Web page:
The best exchange ever!

Image result for fertile soil

2 Corinthians 5:21 (GW) God had Christ, who was sinless, take our sin so that we might receive God’s approval through him.

The best exchange ever!

One of the most confusing, headacheprovoking, abstract concepts in soil science is cation exchange capacity (CEC). I can still remember thinking when I first learned about CEC in my first soil science course as a sophomore in college, “Just how am I supposed to understand this anyway?”. I also had similar thoughts in subsequent advanced soil science courses as an undergraduate and graduate student. Then the first time I taught this concept as a newly-minted instructor, I can remember thinking “If I can’t understand this myself, how in the world can I teach this to my students?”.  And now, almost 25 years later, I am still over here grinding my teeth with a churning stomach from the stress of trying to explain this concept while writing this essay.

Yet the older I get, the more I value the products of good, solid, hard work, so let’s plunge in together into the deep end of both soil science and Scriptural thought and unearth some beautiful truths for ourselves. (Yes, thank you for holding my hand – it does help to jump into these ideas together as friends!)

CEC is an indispensable function of a healthy soil. It gives soil the ability to provide essential nutrients to a growing crop, both at the time of fertilizer application and throughout the growing season and/or life of the plants. It also is vital in its keeping a soil’s pH level relatively constant over time (also known as buffering). Soil is naturally negatively charged which means it attracts the positively charged plant-essential nutrients and holds onto them, as according to the basic chemical principle of “opposites attract and likes repulse”. (I will restrain myself at this time from giving forth on this concept in human relationships!)  Even if sufficient plant nutrients for the entire growing season are applied in fertilizer (be it an organic source or not), these nutrients will not be provided to the crop as it grows without the action of CEC in soil. Without CEC, these nutrients would either be washed off the soil surface or down through the soil profile by rain or irrigation waters. If this occurs, then other potentially worse problems of offsite pollution of surrounding water bodies and/or natural habitats can result. And we can’t fail to include those monies lost: by the farmer(s) who paid for the fertilizer application; from loss of crop productivity, and that required for amelioration of the polluted systems.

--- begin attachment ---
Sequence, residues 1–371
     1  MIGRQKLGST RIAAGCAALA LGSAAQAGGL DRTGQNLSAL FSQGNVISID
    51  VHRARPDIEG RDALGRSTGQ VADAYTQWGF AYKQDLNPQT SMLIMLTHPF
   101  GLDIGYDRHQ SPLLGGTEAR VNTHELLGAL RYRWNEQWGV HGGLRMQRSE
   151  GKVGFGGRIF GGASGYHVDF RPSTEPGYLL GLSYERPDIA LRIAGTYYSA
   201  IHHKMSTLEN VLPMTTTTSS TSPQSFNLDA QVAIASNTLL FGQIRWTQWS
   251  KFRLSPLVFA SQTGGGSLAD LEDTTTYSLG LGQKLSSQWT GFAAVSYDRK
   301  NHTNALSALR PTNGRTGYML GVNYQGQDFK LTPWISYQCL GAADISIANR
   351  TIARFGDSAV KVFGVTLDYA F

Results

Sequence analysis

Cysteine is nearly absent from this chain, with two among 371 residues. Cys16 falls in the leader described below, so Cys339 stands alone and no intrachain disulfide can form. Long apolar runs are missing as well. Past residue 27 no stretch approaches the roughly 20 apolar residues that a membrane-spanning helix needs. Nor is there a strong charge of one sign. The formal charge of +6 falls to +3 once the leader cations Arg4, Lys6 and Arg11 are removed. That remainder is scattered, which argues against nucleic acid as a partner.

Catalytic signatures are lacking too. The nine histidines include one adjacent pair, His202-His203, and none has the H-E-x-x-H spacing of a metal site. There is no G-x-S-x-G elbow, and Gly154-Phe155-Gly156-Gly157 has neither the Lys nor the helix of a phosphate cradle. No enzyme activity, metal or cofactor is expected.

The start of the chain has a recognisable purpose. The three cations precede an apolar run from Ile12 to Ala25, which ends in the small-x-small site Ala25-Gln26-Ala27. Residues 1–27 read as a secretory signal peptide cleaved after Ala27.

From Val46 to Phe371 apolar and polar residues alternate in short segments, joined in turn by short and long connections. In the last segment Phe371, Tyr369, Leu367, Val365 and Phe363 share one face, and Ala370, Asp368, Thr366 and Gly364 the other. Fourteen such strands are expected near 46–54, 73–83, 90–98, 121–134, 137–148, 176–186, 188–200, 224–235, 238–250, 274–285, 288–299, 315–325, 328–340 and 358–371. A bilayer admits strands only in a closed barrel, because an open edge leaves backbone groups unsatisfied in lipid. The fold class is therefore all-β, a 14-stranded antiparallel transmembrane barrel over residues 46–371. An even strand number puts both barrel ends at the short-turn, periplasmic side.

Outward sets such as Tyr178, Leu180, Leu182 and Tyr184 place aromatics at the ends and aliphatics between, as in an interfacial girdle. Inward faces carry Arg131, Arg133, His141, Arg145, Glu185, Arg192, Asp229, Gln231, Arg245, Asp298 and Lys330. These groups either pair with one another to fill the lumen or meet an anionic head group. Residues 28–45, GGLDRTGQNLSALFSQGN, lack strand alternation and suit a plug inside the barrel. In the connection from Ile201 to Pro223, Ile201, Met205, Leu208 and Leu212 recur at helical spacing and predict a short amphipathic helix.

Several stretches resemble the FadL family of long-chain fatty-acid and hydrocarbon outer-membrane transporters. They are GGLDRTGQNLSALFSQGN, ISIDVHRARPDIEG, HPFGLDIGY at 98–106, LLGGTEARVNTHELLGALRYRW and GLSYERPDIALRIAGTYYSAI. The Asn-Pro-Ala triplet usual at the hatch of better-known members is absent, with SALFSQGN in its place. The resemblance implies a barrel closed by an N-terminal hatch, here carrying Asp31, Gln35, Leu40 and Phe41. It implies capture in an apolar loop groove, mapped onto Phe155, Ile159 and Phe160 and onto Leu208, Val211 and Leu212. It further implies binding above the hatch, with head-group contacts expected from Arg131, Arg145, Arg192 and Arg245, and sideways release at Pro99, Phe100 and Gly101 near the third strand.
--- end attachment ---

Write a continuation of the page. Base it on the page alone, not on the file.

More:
A soil’s CEC primarily comes from the clay and the soil organic matter (SOM) fractions. The larger sand and silt particles provide some CEC but to a much lesser extent because of their lower surface area to volume ratio and decreased amount of overall net negative charge. Since the clay and SOM fractions are so tiny in size but huge in negatively charged surfaces, they are ideal environments for thousands of simultaneous chemical reactions. Plus, the clays have vast amounts of internal area because the clay structure is like that of stacked dinner plates. Reactions can occur not just on the outside of the clays but on all of the surfaces in between the “plates” or elliptically shaped clay minerals themselves. Also, the clay “plates” can expand and contract to absorb or release chemicals in response to chemical concentrations around them.